Similar to how you might think about this person’s potential to move forward with you as a family member, you may also be looking toward the impending
New Year and considering what you want for yourself with the sylleptical “fresh start.” You may feel like you and your partner have lived separate lives for a while. The holiday season may be a reminder of the differences in your relationship that tell you that you and your partner are no longer compatible. It doesn’t mean that someone is the bad guy. You realize you can’t just fake it. You want to enter the new year with more positivity and freedom to create your path.
These are some of the reasons you may feel the need to end your relationship during the holidays or the reason someone may have felt the need to end a relationship with you. There is also the possibility that the person ending the relationship doesn’t feel that this is an exceptionally tough time of year to go through that kind of loss. If you are broken up with during this time, you may find yourself asking the person why they couldn’t have done it sooner or waited. The imagined visions of attending holiday markets, bringing the person to your family’s Ugly Sweater Party, or drinking eggnog in front of a fireplace may seem to mock you as you attempt to process the end of your relationship. No matter when a breakup occurs, it can feel incredibly painful and isolating. You may worry that your friends and family are tired of hearing about it or that they can’t truly understand the hurt you are experiencing. If you are going through a break-up, you are not alone. Individual therapy in Woodland Hills can help you process your feelings.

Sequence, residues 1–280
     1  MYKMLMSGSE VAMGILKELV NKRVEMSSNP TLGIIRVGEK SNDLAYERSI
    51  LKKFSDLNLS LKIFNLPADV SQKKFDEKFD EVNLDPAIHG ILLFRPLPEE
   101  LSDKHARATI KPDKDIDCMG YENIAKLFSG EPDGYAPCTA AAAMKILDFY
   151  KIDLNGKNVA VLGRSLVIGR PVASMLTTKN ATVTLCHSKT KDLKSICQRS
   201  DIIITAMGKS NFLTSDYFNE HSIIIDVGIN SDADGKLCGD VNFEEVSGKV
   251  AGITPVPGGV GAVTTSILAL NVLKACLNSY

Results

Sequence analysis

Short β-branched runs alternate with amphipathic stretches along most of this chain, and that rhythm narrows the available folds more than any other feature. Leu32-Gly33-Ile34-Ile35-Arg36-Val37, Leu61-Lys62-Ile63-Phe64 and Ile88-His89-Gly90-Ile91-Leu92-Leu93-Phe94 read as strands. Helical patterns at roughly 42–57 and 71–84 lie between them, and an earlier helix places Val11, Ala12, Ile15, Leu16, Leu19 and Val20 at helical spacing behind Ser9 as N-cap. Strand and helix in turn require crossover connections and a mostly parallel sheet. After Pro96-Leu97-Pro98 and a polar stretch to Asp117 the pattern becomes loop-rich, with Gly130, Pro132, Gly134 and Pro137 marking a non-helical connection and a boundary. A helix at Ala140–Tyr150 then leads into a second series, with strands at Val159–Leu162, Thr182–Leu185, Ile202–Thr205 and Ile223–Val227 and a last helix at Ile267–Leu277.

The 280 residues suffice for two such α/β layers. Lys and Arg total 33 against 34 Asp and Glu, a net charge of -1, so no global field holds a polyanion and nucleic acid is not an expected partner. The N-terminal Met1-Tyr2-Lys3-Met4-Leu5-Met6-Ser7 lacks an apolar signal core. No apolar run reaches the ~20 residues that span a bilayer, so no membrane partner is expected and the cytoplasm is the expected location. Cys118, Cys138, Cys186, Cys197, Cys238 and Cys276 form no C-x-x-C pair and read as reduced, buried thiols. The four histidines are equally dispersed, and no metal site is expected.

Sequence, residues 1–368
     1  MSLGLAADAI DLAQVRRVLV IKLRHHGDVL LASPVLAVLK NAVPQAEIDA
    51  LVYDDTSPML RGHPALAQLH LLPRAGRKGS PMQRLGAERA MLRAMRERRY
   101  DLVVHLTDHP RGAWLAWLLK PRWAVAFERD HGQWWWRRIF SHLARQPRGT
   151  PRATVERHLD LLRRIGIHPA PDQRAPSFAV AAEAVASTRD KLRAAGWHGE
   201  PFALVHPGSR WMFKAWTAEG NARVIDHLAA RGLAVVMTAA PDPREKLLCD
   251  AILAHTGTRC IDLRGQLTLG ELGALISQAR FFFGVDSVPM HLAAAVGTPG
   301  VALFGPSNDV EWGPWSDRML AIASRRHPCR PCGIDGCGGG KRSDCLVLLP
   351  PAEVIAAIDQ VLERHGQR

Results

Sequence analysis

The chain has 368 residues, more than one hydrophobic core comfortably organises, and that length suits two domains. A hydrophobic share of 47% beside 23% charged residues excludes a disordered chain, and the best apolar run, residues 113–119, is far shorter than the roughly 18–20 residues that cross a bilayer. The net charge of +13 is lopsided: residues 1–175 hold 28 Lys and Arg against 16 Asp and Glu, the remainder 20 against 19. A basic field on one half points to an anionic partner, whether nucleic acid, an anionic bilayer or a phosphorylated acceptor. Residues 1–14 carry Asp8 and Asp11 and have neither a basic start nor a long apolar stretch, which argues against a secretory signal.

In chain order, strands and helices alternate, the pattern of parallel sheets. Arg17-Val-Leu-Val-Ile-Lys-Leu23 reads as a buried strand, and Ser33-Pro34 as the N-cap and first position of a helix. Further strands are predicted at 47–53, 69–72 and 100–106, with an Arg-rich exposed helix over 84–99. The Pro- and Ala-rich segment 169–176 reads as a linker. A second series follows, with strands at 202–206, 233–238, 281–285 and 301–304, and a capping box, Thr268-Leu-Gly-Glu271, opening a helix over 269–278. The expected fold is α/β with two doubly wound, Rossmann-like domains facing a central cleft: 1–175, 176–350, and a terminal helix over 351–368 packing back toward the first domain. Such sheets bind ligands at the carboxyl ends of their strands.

Emotions can be difficult, and triggers can be unpredictable. Nobody would ever say just to decide to get over the breakup and move on the next day. But there are ways to set yourself up to handle things more easily. To understand your triggers, get curious about your pain, fear, and anxiety.
What is it behind the breakup that is hurting? Are you grieving the end of a relationship, and would be so whether it was a holiday season or not? In this scenario, where you have had your heartbroken, it can feel like an additional slap in the face that it happened right before/during “the most wonderful time of the year”. You may want to lean into holiday traditions that were in place before the relationship to get you through this first tough season, put a ban on any and all romantic movies, and approach the break-up the way you would at any other time of year. This includes working toward acceptance, avoiding fantasizing about the other person’s return, and ruminating about what you “did wrong.” Allow yourself to feel the sadness and anger you are feeling, setting aside any holiday pressures to put on a happy face. It is more important that you look out for your mental health than it is for you to smile through an entire family dinner.